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ACUTE EXPOSURE INFORMATION
- Methyl thiocyanate is an aliphatic thiocyanate (rhodanate) compound formerly used as an insecticide, fumigant, and research chemical. Currently, it appears that this agent is no longer produced. Methyl thiocyanate is a colorless volatile liquid with an onion-like odor.
- Little data were available specifically for methyl thiocyanate. Its toxicity is expected to be similar to that of the more well-known aliphatic thiocyanate compounds, Lethane and Thanite, and is due to the metabolic release of CYANIDE after absorption. Methyl thiocyanate may be absorbed and cause systemic toxicity following ingestion, inhalation, dermal exposure, and parenteral administration.
- Some aliphatic thiocyanates can liberate hydrogen cyanide after absorption. As the symptoms of poisoning resemble those of cyanide intoxication, cyanide liberation has been considered to be responsible for many of the toxic manifestations of the aliphatic thiocyanates.
- A direct depressant effect on the medullary respiratory centers may also occur.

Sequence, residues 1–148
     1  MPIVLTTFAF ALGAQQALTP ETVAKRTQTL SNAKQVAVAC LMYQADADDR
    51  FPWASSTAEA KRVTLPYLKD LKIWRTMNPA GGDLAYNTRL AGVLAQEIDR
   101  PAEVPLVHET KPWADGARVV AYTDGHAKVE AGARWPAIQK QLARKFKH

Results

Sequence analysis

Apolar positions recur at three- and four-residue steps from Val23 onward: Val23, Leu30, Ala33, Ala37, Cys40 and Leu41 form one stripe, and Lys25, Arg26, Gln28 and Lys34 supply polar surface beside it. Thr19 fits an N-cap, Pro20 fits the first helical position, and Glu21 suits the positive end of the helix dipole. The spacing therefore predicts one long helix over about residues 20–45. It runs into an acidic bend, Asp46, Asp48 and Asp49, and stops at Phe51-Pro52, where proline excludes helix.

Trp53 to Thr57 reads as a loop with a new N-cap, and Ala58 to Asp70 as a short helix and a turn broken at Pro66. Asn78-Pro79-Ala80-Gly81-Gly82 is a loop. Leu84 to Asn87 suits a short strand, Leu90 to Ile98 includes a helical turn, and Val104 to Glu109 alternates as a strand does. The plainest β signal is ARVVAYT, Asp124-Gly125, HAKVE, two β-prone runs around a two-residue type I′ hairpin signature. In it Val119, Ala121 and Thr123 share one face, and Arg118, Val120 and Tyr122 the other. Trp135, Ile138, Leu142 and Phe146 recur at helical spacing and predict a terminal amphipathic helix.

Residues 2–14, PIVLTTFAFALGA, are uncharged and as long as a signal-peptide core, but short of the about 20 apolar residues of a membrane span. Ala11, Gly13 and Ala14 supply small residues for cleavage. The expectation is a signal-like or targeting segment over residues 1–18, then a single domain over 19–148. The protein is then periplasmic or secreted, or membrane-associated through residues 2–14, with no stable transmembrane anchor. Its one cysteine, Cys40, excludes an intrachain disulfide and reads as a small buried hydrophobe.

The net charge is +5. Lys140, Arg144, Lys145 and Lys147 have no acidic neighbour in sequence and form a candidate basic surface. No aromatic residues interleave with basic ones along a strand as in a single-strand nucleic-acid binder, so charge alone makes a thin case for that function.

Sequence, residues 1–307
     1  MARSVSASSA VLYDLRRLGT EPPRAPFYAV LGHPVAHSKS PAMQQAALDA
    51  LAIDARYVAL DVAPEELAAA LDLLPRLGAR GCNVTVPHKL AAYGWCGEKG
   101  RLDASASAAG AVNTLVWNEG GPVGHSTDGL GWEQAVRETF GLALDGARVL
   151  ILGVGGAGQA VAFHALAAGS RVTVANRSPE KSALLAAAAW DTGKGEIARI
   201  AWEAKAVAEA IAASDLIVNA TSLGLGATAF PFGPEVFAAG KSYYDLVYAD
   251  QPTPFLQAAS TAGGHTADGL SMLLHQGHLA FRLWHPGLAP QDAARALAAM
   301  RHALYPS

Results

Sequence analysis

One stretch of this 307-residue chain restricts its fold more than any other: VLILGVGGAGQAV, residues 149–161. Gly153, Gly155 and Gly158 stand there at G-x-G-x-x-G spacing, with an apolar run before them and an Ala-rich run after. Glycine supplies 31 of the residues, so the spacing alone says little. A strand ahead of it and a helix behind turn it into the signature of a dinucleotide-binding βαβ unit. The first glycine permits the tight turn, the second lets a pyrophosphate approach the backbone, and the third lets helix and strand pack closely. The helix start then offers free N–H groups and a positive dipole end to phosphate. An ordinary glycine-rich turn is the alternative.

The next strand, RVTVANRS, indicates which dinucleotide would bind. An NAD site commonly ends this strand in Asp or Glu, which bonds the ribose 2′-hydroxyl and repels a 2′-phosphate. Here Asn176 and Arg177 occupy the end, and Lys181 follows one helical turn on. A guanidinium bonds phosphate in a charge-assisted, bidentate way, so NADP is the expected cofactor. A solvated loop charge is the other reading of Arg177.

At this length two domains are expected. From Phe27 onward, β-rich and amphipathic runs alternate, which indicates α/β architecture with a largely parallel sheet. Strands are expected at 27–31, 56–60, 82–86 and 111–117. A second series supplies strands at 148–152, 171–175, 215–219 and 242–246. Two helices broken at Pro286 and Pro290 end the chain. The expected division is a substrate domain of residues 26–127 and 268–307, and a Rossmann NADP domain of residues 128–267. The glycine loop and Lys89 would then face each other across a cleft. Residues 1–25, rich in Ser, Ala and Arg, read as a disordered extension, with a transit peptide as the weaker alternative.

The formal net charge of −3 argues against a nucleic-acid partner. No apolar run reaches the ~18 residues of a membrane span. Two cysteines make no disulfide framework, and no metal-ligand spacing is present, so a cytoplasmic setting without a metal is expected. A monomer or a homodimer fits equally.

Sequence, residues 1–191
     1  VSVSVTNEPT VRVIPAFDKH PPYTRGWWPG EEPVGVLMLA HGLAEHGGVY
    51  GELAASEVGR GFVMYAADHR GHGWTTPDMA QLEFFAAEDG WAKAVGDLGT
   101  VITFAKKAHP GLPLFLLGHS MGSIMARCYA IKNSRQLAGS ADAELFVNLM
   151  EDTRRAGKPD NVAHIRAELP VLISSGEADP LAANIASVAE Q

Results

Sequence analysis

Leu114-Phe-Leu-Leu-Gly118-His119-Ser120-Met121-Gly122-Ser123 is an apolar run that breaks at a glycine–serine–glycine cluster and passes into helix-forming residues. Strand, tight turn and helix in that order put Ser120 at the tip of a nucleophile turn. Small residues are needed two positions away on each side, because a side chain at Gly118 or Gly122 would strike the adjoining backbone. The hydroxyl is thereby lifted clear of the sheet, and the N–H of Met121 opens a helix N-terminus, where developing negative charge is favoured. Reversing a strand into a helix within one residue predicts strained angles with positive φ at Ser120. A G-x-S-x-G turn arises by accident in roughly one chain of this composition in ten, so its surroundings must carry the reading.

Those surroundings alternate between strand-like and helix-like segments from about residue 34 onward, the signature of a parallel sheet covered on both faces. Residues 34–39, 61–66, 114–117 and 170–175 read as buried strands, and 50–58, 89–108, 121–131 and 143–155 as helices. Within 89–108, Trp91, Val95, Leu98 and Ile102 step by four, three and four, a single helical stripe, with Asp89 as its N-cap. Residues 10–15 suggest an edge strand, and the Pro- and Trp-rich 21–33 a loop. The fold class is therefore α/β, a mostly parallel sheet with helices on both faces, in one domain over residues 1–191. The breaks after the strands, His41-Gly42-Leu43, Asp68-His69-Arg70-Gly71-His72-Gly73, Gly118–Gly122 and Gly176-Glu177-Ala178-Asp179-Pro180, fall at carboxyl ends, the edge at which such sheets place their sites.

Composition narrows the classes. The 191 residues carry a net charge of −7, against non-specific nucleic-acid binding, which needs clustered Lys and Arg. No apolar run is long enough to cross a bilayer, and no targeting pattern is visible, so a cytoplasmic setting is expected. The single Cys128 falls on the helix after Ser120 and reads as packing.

- Some of the toxicity may be due to the kerosene vehicle in which these agents are often supplied.
- Vomiting, respiratory distress, cyanosis, apnea, coma, and convulsions have been described in patients ingesting these agents. Prolonged CNS depression and irritability were noted in a survivor. Aspiration pneumonitis may occur. Pulmonary edema has been reported. Conjunctival and dermal irritation may be seen. Mucosal irritation of the gastrointestinal and respiratory tracts may occur.
- Onset of symptoms MAY BE DELAYED in some cases.
- The aliphatic thiocyanate insecticides are direct irritants of eyes, skin, and mucous membranes in the respiratory and gastrointestinal tracts.
- Methyl thiocyanate releases toxic and irritating fumes of oxides of nitrogen and sulfur when heated to decomposition. Inhalation exposure to such combustion products would be predicted to result in respiratory tract irritation with bronchospasm, chemical pneumonitis, or noncardiogenic pulmonary edema.
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